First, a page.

Fish Factor: National grant gives big lift to deckhand apprenticeships program By LAINE WELCH - The clamor of “take me fishing” is taking on new meaning in Alaska.

Prospects for a deckhand apprenticeship program just got a big lift from a $142,000 national grant awarded to the Sitka-based Alaska Longline Fishermen’s Association (ALFA), and the group plans to get more boots on deck statewide. 

Deckhand apprenticeships are recommended as one way to attract younger entrants into an industry where the average fisherman’s age in Alaska is over 50. 

ALFA has been crafting a local deckhand training program since 2015, and the grant from the National Fish and Wildlife Foundation will be used to develop curricula and protocols for skippers and crew statewide, said ALFA outreach coordinator Alyssa Russell. 

Salmon troller Eric Jordan gets the credit for inspiring the program, Russell said, adding that he has taken out 25 greenhorns so far for short term crew jobs on his F/V I Gotta.

“Finding crew with some experience, who loves fishing in Alaska, is so critical to the future of our individual businesses in the industry as a whole,” Jordan said. “This program gives them the taste of it. Deckhands know they like it, and skippers can recommend them for future employment. It is a win-win for everyone.”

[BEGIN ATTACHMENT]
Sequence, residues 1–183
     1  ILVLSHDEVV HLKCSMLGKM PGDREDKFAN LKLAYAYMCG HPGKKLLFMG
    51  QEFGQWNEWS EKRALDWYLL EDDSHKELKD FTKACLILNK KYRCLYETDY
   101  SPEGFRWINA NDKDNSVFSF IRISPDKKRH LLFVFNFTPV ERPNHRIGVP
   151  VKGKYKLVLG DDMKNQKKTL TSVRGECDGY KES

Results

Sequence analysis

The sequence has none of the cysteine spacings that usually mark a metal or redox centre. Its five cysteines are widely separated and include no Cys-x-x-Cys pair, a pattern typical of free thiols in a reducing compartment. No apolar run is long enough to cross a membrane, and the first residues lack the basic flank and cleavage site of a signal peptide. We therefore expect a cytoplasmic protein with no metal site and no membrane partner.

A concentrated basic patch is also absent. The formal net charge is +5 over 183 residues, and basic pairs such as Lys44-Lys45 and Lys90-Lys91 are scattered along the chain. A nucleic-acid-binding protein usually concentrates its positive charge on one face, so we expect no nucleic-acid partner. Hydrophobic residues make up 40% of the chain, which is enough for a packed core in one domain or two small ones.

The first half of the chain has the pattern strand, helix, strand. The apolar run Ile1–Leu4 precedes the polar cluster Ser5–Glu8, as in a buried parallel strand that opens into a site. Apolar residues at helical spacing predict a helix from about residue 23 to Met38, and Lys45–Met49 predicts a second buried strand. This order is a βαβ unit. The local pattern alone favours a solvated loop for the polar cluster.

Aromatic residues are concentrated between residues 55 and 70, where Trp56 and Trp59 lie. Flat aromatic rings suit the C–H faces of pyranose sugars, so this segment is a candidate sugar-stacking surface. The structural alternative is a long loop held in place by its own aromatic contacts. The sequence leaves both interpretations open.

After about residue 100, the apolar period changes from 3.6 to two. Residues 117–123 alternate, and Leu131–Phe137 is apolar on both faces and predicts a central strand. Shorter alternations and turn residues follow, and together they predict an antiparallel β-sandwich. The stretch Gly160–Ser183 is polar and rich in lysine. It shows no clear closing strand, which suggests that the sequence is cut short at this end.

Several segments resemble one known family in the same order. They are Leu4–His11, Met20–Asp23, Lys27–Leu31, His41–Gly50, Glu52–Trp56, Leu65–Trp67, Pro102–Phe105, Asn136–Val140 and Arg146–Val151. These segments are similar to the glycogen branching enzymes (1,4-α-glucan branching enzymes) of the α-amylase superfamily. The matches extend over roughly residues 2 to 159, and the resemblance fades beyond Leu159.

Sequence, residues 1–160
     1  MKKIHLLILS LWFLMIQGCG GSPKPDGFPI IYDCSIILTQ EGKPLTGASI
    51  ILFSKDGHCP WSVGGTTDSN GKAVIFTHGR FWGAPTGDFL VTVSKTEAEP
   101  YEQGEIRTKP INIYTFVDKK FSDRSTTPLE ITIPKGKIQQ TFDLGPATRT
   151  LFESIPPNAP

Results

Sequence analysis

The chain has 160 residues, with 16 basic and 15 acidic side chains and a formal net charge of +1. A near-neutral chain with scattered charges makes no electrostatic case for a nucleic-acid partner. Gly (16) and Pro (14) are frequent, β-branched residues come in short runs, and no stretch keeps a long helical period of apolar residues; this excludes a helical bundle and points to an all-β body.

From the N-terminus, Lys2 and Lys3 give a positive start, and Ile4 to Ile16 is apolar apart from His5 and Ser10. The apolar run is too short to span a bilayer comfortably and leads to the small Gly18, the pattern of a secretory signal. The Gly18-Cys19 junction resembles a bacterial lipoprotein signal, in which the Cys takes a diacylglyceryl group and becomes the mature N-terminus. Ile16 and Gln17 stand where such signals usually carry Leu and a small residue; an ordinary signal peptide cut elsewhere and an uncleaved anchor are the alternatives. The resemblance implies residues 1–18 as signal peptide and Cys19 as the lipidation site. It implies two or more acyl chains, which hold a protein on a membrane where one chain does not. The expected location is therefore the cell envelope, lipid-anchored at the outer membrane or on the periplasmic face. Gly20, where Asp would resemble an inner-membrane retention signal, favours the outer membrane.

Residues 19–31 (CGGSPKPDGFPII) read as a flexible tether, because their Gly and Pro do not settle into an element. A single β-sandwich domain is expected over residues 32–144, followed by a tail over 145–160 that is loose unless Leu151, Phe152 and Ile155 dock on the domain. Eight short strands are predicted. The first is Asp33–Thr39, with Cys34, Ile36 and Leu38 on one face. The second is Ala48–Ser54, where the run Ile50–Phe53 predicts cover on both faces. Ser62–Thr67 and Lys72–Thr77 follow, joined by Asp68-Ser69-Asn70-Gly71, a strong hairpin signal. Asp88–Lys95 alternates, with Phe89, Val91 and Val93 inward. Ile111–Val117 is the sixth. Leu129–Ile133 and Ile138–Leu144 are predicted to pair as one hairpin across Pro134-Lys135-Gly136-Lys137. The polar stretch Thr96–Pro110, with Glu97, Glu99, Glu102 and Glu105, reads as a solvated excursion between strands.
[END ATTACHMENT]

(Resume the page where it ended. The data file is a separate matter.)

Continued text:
ALFA took Jordan’s model and developed it into a more formal ALFA program, and “tried to rope in other skippers and deckhands,” Russell said.  “We want to give skippers the tools they need to mentor someone. For instance, safety procedures, crew contracts, and basic checklists of protocol for someone who has never been on a boat before.” 

Jordan said he has been inspired by the enthusiasm of budding fishermen is his many “experiential trolling” trips. 

He shared a quote from one: “Crewing was a dream come true. I had never been commercial fishing before; I had never even killed a fish. The days were filled with learning and fun. I learned how fishing works, the lifestyle about salmon and a lot more.”       

A report released this month called ‘Turning the Tide’ highlights the ‘graying of the fleet’ and recommends ways that a new generation of Alaska fishermen can enter the industry. The user-friendly study was compiled by Paula Cullenberg of Alaska Sea Grant, Rachel Donkersloot with Alaska Marine Conservation Council, and Courtney Carothers, Jesse Coleman, and Danielle Ringer of the University of Alaska Fairbanks. - More...
Friday PM - December 22, 2017



Alaska: Re-assessing Alaska's energy frontier - Less than 80 miles from Prudhoe Bay, home to the giant oil fields that feed the Trans-Alaska Pipeline, lies the site of USGS' latest oil and gas assessment: the National Petroleum Reserve-Alaska and adjacent areas. Managed by the Bureau of Land Management, the NPR-A covers 22.8 million acres, more than the entire state of South Carolina.